The history command is very useful when building shell scripts to test out the pieces and pull up a record of what was done.

Write the history of your current shell session to /tmp/hist using history -a /tmp/hist
Store the text fred flintstone in your history using history -s fred flintstone
Check the last 10 entries of you history using history -n 10


It does just what it sounds like it does, it finds files. In general the command is run in the form find <path> <filters>. Some very important ways to use find include searching for files using timestamp information or user or group ownership or with particular permissions or of a particular size or file type or having a particular SELinux context. The output of the find command is a filename with the full path. This can be fed into tools like xargs for further processing. find makes Microsoft search function look like a child's toy.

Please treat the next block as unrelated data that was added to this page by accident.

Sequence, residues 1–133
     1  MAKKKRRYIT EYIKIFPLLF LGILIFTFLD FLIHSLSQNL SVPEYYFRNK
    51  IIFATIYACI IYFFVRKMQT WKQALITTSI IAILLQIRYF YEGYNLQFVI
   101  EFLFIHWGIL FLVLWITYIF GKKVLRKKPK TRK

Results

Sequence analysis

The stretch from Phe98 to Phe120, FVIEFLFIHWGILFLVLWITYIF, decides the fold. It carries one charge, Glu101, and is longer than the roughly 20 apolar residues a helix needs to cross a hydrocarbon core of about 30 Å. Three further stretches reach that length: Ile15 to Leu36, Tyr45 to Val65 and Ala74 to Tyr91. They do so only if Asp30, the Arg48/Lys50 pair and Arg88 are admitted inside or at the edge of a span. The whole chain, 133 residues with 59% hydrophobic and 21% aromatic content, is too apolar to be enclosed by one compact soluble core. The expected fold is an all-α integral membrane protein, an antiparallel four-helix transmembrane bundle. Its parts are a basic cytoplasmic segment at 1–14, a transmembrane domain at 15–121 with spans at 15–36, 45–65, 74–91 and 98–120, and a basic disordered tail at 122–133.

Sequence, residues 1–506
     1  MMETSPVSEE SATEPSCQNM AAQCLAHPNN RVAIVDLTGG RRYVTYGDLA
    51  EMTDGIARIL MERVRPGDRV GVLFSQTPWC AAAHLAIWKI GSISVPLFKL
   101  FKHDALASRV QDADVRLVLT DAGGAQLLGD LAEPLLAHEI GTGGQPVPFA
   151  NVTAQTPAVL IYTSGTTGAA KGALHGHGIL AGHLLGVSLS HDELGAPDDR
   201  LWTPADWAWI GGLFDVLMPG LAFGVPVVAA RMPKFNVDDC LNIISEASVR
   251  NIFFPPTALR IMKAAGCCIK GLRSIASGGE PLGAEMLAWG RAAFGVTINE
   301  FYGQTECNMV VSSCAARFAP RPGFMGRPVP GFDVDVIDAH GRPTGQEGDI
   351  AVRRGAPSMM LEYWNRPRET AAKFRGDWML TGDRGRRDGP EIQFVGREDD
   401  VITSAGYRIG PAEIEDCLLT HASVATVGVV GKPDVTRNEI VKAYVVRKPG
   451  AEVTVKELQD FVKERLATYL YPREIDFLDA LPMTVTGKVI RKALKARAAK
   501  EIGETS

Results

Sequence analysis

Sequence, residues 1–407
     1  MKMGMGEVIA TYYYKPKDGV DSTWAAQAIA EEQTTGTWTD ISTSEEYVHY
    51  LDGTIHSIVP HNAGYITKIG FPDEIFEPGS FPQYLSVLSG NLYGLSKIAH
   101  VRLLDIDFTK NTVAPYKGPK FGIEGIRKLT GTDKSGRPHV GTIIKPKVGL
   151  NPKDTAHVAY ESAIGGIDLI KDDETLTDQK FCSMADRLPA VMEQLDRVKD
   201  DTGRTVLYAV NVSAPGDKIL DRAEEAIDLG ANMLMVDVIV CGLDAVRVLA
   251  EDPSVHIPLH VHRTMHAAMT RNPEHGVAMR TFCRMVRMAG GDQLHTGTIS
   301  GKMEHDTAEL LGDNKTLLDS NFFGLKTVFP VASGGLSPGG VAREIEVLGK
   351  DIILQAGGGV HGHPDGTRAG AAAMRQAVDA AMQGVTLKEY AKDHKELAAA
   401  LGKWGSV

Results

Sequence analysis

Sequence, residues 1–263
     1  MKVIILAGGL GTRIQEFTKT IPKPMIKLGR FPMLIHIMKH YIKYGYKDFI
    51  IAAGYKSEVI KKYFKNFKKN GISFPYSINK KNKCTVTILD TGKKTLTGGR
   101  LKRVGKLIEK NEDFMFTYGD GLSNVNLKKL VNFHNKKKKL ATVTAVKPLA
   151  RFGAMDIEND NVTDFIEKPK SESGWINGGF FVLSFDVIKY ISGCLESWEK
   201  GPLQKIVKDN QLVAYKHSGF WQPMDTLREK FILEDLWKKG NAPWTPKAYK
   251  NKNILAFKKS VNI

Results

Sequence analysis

find -name Foo

Finds all files with "Foo" in name from current directory and subdirectories

find -iname foo

Finds all files with "foo" in the name with no case sensitivity: finds foo, Foo FoO, etc

find / -mindepth 2 -name passwd

Finds all files named passwd that have at least 2 "/"s in their path

find / -maxdepth 3 -name passwd

Finds all files named passwd with no more than 3 "/"s in their path

find -type TYPE

Find all files of type TYPE where TYPE is
s = socket
d = directory
f = file

find -type f -name ".*"

Find all hidden files

find -mtime 2

Find files changed more than 2*24 hours ago

find -mmin 15

Find files changed more than 15 minutes ago

find -mmin -15

Find files change less than 15 minutes ago

find -atime -1

Find files access less than 24 hours ago

try find

Find the hidden files in your home directory
Find the hidden files in your home directory than have been modified in the last 48 hours
Find the hidden directories in your home directory that have been access less than 3 days ago


xargs is a great utility for executing command from a list of input. Paired with find, for example, xargs can copy, move, or remove matched files.